Our goal with bPanel was to build a completely new kind of blockchain interface on top of one of the most advanced blockchain implementations. Rather than try and create something that solves all use cases, or focus on one or two of the most common problems, we believe that the best way to create new, effective, and secure user experiences is to enable a diverse ecosystem of developers to come up with novel approaches that no one team could imagine on their own.
In the world of CMS's, projects like WordPress and Drupal started as ways to let people without much specific platform expertise to easily organize simple content, primarily blog posts. This ended up creating a whole industry of developers building diverse categories of websites on these platforms. As of April, 2016, over 26% of all websites run on WordPress, from large newspapers to photography portfolios and ecommerce platforms, far beyond the originally envisioned blogs.
A Blockchain Management System, or BMS, like bPanel aims to do something similar in the world of blockchain interfaces. Rather than relying on one company for your wallet interface, another for hardware wallet interfaces, and another for a block explorer (to say nothing of needing deep technical and command line expertise to run enterprise tasks like transaction and node management), why not have a single platform where you can install plugins and themes that solve each of these problems. This gives the user the ability to mix and match their ideal interface. All of this backed by the enterprise-level security and robustness of bcoin.
Much like how CMS's created a whole new way to interact with centralized databases, a BMS will revolutionize how we interact with, and build on, decentralized databases.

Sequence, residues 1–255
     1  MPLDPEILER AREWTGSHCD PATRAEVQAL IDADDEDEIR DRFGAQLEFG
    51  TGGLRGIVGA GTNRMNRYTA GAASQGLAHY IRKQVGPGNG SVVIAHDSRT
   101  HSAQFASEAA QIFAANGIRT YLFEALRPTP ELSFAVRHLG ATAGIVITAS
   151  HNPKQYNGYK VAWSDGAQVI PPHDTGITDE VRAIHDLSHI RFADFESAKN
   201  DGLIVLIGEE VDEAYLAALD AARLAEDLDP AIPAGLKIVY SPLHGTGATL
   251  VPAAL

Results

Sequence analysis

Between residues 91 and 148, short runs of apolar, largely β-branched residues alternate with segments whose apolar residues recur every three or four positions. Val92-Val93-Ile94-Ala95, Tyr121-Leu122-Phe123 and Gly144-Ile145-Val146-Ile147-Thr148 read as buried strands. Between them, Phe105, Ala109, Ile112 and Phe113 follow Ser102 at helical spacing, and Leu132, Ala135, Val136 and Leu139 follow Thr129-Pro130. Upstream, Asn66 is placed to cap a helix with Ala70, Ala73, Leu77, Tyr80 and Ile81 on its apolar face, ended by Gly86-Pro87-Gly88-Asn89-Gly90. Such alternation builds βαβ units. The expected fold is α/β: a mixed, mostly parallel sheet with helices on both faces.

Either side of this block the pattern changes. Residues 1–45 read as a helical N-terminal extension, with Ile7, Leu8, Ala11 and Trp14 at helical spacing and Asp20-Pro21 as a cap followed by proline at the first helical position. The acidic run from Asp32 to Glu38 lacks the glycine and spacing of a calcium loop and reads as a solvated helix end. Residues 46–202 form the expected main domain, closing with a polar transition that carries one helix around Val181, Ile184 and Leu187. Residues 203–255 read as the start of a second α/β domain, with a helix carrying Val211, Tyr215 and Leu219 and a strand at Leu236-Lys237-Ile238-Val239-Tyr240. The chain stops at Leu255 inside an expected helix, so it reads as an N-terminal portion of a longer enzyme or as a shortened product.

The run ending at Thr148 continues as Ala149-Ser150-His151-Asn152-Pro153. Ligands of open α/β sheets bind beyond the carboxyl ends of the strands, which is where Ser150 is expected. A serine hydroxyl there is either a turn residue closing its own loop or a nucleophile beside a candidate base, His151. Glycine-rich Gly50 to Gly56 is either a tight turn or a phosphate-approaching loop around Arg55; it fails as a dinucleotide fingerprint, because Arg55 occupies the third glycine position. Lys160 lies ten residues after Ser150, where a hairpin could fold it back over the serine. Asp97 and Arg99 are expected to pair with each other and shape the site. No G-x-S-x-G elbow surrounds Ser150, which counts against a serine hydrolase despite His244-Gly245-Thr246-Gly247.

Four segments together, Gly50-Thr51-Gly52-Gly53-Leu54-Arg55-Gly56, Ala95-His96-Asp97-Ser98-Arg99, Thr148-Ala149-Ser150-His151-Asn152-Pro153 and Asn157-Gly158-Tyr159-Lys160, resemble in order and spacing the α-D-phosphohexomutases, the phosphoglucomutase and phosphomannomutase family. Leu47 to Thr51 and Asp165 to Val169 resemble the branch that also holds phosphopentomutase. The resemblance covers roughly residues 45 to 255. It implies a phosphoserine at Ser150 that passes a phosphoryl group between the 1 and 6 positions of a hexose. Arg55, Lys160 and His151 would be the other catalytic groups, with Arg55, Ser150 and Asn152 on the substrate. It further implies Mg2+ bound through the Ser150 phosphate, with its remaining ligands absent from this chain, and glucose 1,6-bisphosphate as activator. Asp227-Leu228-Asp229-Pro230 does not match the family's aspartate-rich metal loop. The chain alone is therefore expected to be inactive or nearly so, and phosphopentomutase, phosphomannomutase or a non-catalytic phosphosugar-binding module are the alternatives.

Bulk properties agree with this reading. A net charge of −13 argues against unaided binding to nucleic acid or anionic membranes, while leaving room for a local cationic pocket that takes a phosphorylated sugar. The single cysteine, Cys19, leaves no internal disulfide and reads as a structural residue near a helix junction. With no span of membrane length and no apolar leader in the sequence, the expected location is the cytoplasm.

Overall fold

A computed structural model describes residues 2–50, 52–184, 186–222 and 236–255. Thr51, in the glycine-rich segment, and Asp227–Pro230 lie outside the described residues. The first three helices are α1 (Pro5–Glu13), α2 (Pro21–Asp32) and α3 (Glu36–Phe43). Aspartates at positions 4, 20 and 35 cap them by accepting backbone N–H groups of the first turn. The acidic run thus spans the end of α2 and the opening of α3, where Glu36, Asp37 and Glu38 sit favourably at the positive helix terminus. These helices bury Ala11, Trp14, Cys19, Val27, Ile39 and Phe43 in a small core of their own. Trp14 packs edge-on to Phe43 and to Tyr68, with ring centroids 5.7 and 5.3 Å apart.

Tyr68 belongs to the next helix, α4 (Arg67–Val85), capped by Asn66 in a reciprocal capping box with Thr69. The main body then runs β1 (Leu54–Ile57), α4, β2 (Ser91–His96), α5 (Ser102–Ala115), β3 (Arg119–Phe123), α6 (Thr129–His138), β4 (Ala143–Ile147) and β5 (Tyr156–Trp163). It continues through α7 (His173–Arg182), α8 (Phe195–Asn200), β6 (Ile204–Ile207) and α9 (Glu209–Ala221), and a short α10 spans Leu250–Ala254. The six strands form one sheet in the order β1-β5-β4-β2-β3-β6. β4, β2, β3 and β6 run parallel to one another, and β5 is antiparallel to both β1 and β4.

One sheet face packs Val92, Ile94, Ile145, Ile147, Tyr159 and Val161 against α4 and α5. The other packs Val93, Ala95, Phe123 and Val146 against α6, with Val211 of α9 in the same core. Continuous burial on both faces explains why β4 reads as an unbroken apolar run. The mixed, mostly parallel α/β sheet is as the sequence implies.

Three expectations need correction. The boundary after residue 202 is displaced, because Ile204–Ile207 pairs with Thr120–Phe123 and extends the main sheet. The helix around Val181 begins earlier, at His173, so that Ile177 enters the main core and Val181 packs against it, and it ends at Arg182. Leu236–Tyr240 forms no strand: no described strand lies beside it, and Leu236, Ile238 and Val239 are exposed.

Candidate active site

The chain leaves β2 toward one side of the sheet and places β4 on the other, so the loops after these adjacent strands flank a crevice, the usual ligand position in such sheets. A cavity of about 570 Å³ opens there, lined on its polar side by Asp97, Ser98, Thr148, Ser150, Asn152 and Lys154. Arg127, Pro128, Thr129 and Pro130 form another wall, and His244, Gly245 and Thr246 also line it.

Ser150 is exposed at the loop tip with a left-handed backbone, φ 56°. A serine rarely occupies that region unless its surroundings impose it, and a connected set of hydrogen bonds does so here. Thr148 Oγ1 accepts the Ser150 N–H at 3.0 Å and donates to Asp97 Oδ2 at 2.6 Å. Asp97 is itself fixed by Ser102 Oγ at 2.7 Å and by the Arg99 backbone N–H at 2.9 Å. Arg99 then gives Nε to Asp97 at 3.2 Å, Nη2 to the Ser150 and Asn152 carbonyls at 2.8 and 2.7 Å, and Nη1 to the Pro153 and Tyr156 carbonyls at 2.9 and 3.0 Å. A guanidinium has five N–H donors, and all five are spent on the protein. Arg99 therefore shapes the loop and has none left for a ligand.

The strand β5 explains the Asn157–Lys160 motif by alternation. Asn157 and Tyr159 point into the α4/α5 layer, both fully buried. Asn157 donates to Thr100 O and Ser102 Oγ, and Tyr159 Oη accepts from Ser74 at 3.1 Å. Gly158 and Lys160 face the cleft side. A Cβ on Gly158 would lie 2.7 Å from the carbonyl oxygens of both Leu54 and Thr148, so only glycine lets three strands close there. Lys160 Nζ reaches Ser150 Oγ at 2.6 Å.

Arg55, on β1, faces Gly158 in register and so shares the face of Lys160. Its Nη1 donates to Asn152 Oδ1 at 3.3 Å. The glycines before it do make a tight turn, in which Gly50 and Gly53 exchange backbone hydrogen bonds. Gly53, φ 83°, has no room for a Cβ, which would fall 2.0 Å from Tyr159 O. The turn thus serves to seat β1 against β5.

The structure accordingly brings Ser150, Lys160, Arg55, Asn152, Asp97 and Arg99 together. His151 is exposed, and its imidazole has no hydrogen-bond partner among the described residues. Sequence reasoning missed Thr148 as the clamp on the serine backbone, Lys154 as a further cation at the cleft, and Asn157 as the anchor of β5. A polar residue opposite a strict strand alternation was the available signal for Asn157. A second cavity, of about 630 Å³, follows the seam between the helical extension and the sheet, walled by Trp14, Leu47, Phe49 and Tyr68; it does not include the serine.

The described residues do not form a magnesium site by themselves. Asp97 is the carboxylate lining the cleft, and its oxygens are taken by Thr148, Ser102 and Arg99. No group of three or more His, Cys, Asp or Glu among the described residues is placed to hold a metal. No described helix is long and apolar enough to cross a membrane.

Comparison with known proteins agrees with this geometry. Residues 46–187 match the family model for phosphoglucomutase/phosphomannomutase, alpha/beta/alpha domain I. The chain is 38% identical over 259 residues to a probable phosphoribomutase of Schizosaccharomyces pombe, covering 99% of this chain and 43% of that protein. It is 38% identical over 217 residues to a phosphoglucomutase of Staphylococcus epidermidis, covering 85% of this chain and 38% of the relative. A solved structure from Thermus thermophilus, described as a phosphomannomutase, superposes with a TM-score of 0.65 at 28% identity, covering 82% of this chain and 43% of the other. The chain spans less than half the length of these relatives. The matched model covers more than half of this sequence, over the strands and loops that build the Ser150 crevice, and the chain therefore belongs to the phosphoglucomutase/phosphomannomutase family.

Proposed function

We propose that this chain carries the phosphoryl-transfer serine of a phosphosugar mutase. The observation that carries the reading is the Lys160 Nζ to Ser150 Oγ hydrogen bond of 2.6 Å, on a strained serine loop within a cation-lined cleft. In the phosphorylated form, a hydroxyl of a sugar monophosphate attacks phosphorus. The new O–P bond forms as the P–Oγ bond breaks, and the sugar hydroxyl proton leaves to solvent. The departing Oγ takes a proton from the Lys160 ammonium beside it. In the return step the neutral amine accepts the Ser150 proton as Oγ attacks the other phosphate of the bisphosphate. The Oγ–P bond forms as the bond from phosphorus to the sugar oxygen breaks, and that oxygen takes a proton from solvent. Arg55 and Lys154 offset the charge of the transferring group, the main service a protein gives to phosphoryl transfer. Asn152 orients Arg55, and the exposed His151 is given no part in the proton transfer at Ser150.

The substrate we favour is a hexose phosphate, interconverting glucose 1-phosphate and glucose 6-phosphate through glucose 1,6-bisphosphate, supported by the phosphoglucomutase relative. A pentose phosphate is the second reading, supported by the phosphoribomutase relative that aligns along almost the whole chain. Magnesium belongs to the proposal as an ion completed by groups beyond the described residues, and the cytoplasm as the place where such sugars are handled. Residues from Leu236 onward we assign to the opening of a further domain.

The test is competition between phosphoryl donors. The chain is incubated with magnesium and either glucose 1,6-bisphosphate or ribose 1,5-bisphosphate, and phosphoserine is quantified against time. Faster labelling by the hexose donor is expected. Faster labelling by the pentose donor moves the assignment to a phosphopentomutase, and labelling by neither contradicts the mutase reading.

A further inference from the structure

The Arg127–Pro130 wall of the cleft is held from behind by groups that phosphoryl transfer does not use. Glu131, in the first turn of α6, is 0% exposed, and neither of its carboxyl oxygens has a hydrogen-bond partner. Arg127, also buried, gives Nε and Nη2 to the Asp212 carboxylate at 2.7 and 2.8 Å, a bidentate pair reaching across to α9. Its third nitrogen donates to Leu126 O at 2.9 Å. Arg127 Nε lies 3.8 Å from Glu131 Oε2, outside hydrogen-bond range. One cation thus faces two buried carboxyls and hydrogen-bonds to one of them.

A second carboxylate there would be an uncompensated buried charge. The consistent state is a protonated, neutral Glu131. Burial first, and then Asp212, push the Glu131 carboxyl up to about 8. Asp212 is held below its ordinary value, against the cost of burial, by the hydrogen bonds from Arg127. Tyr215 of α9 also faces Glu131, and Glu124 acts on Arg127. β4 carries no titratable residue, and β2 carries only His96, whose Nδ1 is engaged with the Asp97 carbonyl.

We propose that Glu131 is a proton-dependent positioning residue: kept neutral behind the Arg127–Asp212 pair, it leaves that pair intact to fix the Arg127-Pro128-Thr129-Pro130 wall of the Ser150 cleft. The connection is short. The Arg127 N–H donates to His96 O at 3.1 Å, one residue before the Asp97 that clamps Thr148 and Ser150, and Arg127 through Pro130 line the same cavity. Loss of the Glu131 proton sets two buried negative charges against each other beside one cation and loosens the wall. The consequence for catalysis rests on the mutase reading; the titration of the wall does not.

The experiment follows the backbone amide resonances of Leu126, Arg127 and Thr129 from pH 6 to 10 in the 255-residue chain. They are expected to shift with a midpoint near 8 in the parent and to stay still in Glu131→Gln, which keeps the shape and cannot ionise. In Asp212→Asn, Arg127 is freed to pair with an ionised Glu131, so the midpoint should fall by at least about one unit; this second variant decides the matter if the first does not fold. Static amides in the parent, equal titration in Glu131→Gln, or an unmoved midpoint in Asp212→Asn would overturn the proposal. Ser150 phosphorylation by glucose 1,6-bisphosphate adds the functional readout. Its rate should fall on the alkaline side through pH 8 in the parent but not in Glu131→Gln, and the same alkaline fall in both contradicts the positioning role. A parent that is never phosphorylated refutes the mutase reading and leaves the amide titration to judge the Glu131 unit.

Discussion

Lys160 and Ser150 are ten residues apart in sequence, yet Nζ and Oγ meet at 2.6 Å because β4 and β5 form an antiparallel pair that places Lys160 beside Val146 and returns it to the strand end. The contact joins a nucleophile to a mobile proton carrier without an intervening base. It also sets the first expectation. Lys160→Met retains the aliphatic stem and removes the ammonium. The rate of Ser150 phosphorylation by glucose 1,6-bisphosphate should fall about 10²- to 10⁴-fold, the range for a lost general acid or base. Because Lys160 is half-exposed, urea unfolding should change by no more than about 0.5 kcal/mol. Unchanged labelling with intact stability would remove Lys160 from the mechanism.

The possibilities of things that can be built with a BMS are potentially endless:
- Multisignature transaction management
- Advanced wallet feature support
- Peer management on your node
- Block explorers with advanced visualizations
- Advanced transaction scripting and validation
- Time-locked kill switch transactions
- Key management
- Password management built on proven cryptography
The default setup for bPanel when first getting started is with two docker containers running in parallel, one with an app server that serves the static files and routes requests from bPanel clients and one that runs an isolated instance of a bcoin node. In reality though, bPanel can run entirely separate from a bcoin node (you could, however, also decide to create a plugin that runs a bcoin node directly in the client). All you have to do is make sure to set the right configuration files to tell your app server where to send requests meant for a node (see more in configuration).
The app server serves as a proxy between your clients (of which there can be many) and your node.
This allows for a lot of flexibility. You could host your app server remotely, allowing for multiple users to access it from different clients and all talking to the same remote node. With bcoin's support for a separate wallet server, you can have a bPanel setup that is only meant to interact with a wallet server or only a node (Full, SPV, or Neutrino). You could use bcoin's built-in wallet services to manage wallets and accounts or handle key management locally in the clients. This also provides an extra layer of security by not giving users direct access to your node.
The App Server is built entirely with NodeJS and Express. WebSocket management uses bcoin's native WebSocket implementation, bsock (compatible with the Socket.io API). Currently there is no persistent storage support outside of bcoin's own chain and wallet databases and local storage (though it is planned for future releases).
You can read more about how the plugin system is designed and how to develop your own plugins here.